Nata de coco is a chewy, translucent,
jelly-like food product produced by the bacterial fermentation of
coconut water and carrageenan (a family of linear
sulphated polysaccharides which are extracted from red seaweeds).
Left: Nata de coco.
Nata de coco is most commonly sweetened as a candy or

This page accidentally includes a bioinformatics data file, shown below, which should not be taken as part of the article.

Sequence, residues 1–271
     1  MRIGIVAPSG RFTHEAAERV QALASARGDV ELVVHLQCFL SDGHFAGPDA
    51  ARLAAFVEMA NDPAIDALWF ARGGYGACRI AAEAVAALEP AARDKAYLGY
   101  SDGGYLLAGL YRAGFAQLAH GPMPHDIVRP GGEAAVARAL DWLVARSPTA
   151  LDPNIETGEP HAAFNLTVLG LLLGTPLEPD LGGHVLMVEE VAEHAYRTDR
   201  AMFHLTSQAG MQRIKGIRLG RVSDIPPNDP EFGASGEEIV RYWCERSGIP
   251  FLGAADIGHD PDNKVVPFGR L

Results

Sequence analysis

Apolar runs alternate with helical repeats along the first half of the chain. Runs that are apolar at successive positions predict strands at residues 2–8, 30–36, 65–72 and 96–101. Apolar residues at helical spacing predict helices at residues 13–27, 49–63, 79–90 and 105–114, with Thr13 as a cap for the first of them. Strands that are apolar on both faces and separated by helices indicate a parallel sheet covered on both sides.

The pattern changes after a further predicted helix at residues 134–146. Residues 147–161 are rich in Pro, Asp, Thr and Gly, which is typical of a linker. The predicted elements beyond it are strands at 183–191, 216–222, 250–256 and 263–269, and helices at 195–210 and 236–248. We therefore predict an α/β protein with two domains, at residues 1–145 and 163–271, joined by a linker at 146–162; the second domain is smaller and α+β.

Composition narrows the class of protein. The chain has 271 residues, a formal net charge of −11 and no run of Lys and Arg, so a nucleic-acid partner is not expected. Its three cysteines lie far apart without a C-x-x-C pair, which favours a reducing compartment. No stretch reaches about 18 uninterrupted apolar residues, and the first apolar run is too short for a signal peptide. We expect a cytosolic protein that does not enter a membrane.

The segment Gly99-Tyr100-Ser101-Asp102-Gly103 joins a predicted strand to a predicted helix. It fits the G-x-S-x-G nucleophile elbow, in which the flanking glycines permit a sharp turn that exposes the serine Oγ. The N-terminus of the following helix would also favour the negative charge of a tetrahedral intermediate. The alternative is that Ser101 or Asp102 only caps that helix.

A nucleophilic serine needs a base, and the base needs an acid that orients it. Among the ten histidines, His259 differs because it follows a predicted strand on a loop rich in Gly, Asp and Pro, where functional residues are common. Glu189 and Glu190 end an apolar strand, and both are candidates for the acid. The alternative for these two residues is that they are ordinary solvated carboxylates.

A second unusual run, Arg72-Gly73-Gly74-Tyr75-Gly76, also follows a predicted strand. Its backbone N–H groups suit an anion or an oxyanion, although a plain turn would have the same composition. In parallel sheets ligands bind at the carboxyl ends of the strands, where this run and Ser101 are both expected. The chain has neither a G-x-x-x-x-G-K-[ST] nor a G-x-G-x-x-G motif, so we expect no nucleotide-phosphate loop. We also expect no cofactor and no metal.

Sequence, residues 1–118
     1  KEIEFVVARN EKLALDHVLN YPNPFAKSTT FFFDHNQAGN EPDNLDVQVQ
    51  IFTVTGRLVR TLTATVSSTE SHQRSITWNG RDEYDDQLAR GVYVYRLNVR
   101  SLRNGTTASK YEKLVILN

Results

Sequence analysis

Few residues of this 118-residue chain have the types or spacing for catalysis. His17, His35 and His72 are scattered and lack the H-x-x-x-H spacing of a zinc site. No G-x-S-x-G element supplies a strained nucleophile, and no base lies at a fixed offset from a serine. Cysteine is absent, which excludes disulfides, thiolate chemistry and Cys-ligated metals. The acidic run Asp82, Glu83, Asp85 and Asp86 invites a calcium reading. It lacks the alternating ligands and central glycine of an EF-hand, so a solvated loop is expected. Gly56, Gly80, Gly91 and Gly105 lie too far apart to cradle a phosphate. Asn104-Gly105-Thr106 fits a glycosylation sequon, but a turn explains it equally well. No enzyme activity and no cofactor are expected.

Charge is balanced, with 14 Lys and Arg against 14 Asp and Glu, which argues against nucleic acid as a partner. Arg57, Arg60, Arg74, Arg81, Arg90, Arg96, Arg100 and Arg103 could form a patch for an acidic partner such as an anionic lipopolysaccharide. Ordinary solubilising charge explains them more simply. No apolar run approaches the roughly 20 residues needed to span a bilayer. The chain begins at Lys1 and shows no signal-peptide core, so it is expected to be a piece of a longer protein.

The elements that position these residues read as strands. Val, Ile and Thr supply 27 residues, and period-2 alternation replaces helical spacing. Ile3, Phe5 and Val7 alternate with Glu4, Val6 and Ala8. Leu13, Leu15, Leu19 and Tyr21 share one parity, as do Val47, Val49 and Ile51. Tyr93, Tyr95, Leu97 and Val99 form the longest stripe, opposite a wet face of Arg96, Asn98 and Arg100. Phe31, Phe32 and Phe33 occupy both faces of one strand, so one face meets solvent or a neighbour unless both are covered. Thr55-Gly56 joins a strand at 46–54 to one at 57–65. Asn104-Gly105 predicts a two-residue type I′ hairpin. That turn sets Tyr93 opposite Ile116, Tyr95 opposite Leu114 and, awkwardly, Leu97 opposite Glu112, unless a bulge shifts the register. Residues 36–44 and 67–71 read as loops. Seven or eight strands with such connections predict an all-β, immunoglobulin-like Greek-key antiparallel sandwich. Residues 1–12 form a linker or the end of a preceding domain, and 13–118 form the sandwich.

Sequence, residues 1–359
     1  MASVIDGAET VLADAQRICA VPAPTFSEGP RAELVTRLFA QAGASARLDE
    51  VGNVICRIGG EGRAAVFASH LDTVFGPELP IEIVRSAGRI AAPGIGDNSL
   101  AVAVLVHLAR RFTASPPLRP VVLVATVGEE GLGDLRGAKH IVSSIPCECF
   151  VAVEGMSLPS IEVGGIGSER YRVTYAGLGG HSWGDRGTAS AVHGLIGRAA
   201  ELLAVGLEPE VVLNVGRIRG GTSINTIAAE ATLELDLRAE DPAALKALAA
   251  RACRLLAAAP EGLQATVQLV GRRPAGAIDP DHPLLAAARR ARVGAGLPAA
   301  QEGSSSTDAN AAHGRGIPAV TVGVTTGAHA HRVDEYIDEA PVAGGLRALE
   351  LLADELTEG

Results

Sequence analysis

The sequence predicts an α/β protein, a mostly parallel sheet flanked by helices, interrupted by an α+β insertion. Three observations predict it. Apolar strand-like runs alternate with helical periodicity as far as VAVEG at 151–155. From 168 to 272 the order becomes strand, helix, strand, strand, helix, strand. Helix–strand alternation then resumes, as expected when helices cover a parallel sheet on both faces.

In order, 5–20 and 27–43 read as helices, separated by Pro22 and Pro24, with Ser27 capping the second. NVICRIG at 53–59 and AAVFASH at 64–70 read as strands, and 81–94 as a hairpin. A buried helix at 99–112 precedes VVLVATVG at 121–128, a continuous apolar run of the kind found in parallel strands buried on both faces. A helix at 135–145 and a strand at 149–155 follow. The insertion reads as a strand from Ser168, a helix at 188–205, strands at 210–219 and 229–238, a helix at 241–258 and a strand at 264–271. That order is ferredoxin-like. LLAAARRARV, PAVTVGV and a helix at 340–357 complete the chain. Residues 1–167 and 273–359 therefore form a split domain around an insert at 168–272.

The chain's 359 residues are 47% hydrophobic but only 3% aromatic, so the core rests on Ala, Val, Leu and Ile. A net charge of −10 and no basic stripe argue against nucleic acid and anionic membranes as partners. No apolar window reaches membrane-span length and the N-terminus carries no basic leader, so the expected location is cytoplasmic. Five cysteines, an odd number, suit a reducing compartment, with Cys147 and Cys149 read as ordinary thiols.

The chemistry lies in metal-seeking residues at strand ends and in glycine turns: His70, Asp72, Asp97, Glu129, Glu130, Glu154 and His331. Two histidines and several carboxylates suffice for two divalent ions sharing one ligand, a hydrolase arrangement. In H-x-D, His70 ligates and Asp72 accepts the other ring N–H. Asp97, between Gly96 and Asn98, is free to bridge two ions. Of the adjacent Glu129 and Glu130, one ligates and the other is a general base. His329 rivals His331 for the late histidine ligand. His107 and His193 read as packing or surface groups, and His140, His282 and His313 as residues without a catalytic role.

dessert, and can accompany many things including pickles, drinks, ice cream,
puddings and fruit mixes. The product originates from the Philippines.
"Nata de coco" comes from Spanish "Cream of Coconut". Cream
in this sense means the fat from the coconut milk. The Spanish name is a result
of Spain's colonization of the Philippines.